As a young person visiting Israel in the nineties for the first time, my problem on alighting from the plane in Jerusalem was to find out where the vegetarian food was available. A Jewish co-traveller took me to the markets where meat was sold.
It was a Friday. We were trying to locate a place where I could find vegetarian food. I asked him If I could get some vegetables. He said, “On Fridays, we, Jews, eat pure vegetarian food cooked in utensils in which meat has never been cooked. Friday is our holy day.”
Suddenly, it came to my mind and he said that “The idea of not eating meat on a day per week, may have come from India. The Old Testament says that sandalwood and gold for the construction of Jerusalem also came from India.”
The long forty-year reign of King Solomon over Israel was prosperous and peaceful. He had extensive commerce with Ophir. His imports were on such a lavish scale that he is said to have made silver as common as stones in Jerusalem. He maintained a fleet of ocean-going ships bringing “gold silver, ivory, apes and peacocks” (Bible, I Kings, 22) from Ophir (variant Sophir). Ophir is a port or region mentioned in the Bible as famous for its wealth. King Solomon received a cargo from Ophir every three years.
India’s connection to Jerusalem is pretty old. It goes back to BC (Before Christ). There are several research-based pieces of evidence that prove this link. The Hebrew word for peacock is tukhin which is tokal in Tamil. There were no peacocks in Jerusalem and Hebrew had no word for a peacock. This makes it clear that Indian (Tamil) merchants were carrying on trans-oceanic trade with Jerusalem.
Peacock is the mount of Kartikeya, the General of the Gods, and symbolises divine protection of the State. The identification of Ophir (Sophir) has been uncertain. Sophir is Surparaka (modern Sopara) a famous seaport on the western coast of India, 37 miles north of Mumbai. It is four miles northwest of Bassein where an Asokan edict was discovered. It is mentioned in the Mahabharata, Bhagwad Gita, Periplus (2nd century AD), etc.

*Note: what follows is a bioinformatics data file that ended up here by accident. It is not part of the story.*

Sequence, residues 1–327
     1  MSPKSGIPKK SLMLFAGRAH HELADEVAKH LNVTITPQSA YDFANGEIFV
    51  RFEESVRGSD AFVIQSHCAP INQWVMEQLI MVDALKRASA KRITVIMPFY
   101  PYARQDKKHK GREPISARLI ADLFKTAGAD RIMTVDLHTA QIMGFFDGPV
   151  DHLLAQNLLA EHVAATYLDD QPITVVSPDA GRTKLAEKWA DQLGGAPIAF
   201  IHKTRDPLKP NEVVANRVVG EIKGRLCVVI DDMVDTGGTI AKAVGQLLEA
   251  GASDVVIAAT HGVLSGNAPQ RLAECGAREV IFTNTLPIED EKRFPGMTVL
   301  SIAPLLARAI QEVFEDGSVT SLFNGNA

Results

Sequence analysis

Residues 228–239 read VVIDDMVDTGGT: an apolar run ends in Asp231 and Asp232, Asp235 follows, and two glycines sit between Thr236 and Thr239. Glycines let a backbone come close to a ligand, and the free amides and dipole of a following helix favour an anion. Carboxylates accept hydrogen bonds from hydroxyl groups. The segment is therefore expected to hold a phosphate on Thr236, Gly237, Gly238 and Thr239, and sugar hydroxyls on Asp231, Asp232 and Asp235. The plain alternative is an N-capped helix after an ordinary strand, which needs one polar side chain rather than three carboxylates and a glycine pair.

An extensive gold-mining industry existed all over South India. Captain Leonard Munn writes in Man in India, “over the vast area of ancient workings in Rhodesia the method of mining and reduction of the gold quartz is identical with that of South India. Extensive areas of forest occur in the vicinity of the old Rhodesian gold workings consisting of trees and plants not indigenous to Africa, but having their home mostly in South India.
Sopora port shown in an ancient map
It is especially noted that the vast area over which these trees and plants have now spread is a clear indication of the very early date of their introduction into Rhodesia. “There is a Tamil saying that crosses the oceans to earn money. TheSilappadikram says that there was a shrine devoted to the Moon in every capital of the Tamil land.
‘The shrines dedicated to the Moon were to guard the trans-oceanic merchants. The waxing of the Moon has fatal effects on the waves of the oceans that toss the ships in deadly turbulence. The Moon was invoked to ensure safety across the seas. Siva as Somanatha or Lord of the Moon was worshipped for safety on the sea lane.
As early as the first millennium BC the Indians (Tamils) were trading with Jerusalem and made it the resplendent capital of Solomon’s empire. To this day, it is the sacred city of three major religions of the world – Judaism, Christianity and Islam - with a deep connection with India.
(Ranjan Mukherjee is a retired IAF officer)